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Recent successes of a small group of cybersecurity enthusiasts at Amrita seem to have awakened much interest in the subject, motivating many students and faculty to learn more about the fascinating world of computer hacking.
Recent national-level workshops at the Schools of Arts and Sciences in Kochi and Mysore encouraged participants to delve deep into the many faceted security considerations of the cyber world.
Both hackers and ethical hackers employ the same methods, but to different ends. A hacker seeks to break into computer systems while an ethical hacker tries to discover vulnerabilities in a computer system, to ward off potential hackers.
Ethical hackers are highly sought professionals who can help organizations understand and manage the risk with storing increasing amounts of data online.
Several experts including Dr. K. Paulose Jacob, Director, School of Computer Science Studies, CUSAT; Sri. Arshadeep Singh, Corporate Trainer and Sri. Kesav Bajaj, Business Manager, Kyrion Ltd. New Delhi interacted with the delegates, answering their questions
.In addition to learning about popular modes of cyber attack and techniques to counter them, delegates understood how to build secure systems. They received toolkits and certificates before the workshop came to a close.
Meanwhile, at the Mysore campus, during April 7-8, five hundred participants, including students and faculty from about thirty colleges in and around Mysore city, attended a two-day educational workshop on cyber security and cloud computing.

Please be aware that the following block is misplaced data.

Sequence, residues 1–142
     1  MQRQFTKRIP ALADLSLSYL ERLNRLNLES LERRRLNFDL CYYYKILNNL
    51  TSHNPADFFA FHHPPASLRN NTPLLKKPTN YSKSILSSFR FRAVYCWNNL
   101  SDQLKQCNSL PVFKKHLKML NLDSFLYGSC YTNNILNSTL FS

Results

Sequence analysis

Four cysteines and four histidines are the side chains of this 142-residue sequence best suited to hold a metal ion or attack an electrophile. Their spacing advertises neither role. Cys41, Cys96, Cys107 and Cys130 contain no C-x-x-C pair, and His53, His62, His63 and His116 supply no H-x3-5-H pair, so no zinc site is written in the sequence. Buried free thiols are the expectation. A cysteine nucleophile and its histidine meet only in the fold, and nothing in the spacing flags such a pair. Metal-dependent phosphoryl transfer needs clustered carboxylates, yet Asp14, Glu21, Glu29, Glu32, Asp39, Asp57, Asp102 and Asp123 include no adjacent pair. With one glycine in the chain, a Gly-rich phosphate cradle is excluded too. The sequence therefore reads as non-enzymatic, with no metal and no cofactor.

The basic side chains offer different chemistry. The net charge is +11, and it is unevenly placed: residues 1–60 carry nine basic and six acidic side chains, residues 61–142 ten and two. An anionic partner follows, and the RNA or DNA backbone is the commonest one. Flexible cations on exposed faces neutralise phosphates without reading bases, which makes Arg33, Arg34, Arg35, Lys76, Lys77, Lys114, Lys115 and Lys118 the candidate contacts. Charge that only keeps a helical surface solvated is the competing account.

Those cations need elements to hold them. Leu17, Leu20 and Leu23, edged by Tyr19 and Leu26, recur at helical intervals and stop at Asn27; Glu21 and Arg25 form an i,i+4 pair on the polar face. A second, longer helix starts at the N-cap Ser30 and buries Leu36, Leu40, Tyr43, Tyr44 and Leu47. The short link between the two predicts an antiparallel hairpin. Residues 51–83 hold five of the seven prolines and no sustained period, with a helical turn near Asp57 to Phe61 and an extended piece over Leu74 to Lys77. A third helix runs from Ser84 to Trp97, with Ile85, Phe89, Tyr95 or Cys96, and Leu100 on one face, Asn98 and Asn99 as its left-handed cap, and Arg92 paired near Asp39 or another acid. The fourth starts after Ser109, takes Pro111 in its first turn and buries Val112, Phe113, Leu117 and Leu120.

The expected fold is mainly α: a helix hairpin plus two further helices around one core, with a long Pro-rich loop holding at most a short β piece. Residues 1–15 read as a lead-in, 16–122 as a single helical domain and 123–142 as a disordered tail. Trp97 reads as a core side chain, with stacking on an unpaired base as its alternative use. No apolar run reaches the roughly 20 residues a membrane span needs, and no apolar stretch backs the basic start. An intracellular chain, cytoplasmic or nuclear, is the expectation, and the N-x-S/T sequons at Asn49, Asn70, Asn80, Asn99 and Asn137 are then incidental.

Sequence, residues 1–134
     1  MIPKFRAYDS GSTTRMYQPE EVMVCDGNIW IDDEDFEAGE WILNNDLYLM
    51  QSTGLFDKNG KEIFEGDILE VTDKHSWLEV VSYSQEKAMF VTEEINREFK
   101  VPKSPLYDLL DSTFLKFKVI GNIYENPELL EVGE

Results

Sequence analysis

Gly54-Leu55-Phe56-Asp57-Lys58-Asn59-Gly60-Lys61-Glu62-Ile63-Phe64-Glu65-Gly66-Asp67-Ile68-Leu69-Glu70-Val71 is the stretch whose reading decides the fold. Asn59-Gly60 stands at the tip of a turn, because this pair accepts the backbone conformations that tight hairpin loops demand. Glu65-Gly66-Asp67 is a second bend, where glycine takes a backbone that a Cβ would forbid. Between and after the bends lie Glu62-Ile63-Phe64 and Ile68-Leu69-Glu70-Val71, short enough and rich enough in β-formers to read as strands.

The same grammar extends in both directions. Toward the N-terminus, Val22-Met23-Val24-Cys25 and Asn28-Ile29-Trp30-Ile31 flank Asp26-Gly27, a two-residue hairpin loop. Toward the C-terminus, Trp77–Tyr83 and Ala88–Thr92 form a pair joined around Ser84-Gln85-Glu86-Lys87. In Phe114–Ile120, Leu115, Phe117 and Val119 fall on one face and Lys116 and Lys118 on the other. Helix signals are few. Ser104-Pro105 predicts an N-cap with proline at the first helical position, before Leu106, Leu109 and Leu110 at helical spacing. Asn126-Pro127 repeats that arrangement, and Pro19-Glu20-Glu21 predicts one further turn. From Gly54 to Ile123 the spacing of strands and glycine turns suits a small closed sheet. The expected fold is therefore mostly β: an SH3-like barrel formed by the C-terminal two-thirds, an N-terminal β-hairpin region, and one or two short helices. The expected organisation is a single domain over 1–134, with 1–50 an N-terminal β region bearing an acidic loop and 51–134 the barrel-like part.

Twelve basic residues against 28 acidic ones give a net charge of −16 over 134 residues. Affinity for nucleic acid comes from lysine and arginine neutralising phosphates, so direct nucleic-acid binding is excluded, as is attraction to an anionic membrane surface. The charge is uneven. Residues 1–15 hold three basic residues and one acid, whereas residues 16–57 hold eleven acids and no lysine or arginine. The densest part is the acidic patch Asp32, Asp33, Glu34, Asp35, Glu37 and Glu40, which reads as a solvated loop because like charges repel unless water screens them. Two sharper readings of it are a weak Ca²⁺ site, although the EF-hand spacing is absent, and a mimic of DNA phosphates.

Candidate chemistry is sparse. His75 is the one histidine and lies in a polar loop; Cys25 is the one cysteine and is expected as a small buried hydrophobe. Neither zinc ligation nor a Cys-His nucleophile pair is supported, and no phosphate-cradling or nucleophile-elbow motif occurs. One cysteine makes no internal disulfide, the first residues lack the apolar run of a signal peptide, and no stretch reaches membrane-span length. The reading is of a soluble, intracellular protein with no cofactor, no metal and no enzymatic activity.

The first day of the workshop covered concepts of cloud computing and its relevance and impact on various fields. The second day’s activities centered around cyber security.
Highlighting various threats associated with the cyber world, Dr. N. Sethumadhavan, Head of the Centre for Cyber Security at Amrita, Coimbatore, discussed automation, phases of automated attack, increasing sophistication of attack tools and methods for surviving attacks.
Prashant Nair, Vice-Chairman – Information Technology, Amrita School of Engineering, Coimbatore, further elaborated on different forms of cyber threats including sniffer, spoofing, trojan horse, back doors, malicious applets and key logger software.
He also provided a glimpse of possible changes that cloud computing could bring about in business models currently in practice.
Ranjith Kizhakke Palam, technical consultant with Microsoft’s Global Partner Services, discussed socio-economic approaches towards the deployment of cloud computing solutions in India.
“The sessions were very informative and we learned about many new and upcoming technologies,” stated first-year MCA student, Sherly Chancpa.
Added Nandini, another first-year MCA student, “The workshop was interactive and relevant examples by the speakers made it very useful and understandable.”
May 2, 2011
Schools of Arts and Sciences, Kochi and Mysore
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